Both sides of the argument are right.  On one hand, the government is proposing a scheme that should be less complex, fairer and  more inclusive.  On the other, the objectors will be trying to defend a scheme which, for all its irrationality and complexity, has delivered far better benefits than  a more orderly set of schemes could ever have offered.  There will, of course, be vehement protests  – it’s the French national sport, and they do it so well. But the protestors, mainly from the left and the trades unions, are  protesting against the idea of universality and state welfare, and from a British perspective, that’s a difficult position to hold.

The EU Withdrawal Agreement Bill

I should forbear to comment on a piece of legislation which I’ve only skimmed through and can’t claim to understand, but the European Union (Withdrawal Agreement) Bill 2019-20 ascends dizzying heights of incomprehensibility. Every page is packed with cross-references to other clauses or legislation, and following the threads through the labyrinth would take me rather more than the three days the Commons is supposed to have for the whole process.

Some things are apparent, however.  There are going to be lots of problems and snags, and the government’s answer to most of the complexities is to say: leave it to the discretion of Ministers to sort them out.  (Where there are issues relating to devolution, the same trust doesn’t extend: the standard answer seems to be that Ministers will have to consent to anything that’s being proposed.)  There are liberal references to the steps that the Minister “considers appropriate”, and to the resolution of any “matters arising” from any issue – a phrase which is loose enough to mean that almost anything the government decides to do in those areas will be fair game.   There’s a clause, for example, about social security coordination, but what’s going to happen about pensions and medical treatment for UK citizens living in the EU?  As far as I can see, the answer is that there’ll be regulations passed on this as necessary: the responsible agency will  sort something out.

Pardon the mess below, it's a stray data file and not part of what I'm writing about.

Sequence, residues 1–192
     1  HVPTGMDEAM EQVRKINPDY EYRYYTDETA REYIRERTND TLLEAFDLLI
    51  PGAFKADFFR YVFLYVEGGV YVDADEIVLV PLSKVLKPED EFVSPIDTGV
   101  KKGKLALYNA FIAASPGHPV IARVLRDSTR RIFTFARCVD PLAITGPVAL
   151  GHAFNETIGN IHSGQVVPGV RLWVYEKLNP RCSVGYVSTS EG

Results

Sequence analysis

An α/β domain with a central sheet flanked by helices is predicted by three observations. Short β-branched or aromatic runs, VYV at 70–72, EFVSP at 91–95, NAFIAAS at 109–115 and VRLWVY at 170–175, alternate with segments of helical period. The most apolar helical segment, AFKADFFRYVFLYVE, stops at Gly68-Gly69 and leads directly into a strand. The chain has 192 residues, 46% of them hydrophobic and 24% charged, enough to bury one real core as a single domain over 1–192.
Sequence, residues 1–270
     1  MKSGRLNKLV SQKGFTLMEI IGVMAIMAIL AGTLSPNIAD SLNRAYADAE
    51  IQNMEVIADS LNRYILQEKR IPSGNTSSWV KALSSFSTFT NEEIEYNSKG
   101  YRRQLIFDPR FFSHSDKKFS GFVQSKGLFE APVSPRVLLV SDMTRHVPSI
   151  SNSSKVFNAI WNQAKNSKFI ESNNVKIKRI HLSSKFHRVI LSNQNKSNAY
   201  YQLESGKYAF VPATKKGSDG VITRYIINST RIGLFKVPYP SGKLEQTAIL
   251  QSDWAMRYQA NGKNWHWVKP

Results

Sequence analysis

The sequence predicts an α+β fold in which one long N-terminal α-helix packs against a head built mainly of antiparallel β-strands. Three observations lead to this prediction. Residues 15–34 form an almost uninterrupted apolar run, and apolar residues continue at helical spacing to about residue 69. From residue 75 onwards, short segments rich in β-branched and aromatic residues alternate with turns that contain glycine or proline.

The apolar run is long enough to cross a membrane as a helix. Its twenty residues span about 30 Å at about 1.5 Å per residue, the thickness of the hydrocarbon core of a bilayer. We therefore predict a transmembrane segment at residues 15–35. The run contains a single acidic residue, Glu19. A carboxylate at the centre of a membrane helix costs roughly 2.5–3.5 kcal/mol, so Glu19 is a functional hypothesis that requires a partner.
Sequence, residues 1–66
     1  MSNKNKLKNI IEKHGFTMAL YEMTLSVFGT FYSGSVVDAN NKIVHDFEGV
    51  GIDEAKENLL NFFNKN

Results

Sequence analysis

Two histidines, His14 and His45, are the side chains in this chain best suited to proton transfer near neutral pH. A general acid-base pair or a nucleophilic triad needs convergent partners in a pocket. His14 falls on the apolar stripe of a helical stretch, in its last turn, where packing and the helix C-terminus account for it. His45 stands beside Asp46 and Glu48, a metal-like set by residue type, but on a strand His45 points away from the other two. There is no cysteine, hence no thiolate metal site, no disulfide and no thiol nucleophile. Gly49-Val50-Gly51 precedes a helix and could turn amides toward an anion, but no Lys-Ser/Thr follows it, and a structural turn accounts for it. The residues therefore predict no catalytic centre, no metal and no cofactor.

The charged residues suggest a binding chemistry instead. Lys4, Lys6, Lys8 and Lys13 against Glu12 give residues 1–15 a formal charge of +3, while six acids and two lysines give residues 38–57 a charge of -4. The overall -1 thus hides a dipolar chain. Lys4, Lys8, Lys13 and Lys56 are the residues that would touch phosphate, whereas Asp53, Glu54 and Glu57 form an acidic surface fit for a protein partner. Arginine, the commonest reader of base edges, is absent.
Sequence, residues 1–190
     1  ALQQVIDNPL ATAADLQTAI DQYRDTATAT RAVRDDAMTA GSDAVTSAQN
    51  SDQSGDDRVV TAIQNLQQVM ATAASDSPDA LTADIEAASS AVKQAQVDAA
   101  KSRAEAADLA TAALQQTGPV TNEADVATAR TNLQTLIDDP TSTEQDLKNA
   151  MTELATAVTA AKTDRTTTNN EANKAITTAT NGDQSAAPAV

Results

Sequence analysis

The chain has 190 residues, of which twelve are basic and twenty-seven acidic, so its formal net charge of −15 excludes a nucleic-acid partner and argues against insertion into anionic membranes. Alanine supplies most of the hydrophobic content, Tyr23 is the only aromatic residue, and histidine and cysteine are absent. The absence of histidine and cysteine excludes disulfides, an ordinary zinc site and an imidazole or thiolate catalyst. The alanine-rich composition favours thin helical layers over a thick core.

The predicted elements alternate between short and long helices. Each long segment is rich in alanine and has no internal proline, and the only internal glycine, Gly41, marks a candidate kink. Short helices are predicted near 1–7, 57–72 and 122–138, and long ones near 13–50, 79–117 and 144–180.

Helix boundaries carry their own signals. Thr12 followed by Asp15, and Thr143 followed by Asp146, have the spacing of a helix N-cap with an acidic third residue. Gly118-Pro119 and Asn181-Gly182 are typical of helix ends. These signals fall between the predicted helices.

It follows that the Bill represents a major transfer of power to the government.  Did ‘take back control’ really mean ‘leave it all to HM Government’?  And even if one trusts this government, would the same apply if a different government came to power?  I think Parliament needs to consider whether this kind of blanket delegation to the executive is the sort of legislation they would ever want to pass.

Further note, 26th October:  There is a superb critical analysis of the Bill by barrister Anneli Howard.  She points in particular to

  • the Bill’s complex cross-referencing to other legislation
  • the extensive ‘Henry VIII’ powers being granted to ministers, and
  • the reduction in Parliamentary scrutiny that would follow from passage of the Bill in this form.

Brexit: there are two parties to any relationship breakdown

There is no prospect of a deal being agreed between Britain and the EU before 31 October; any deal has to be agreed by the UK Parliament, the Council and the European Parliament, and there simply isn’t time.  That leaves only two options: delay or no deal.

It is easy to see the faults of the British governments, but the failures of EU diplomacy are just as strong.  The British position has been arrived at through a series of blunders: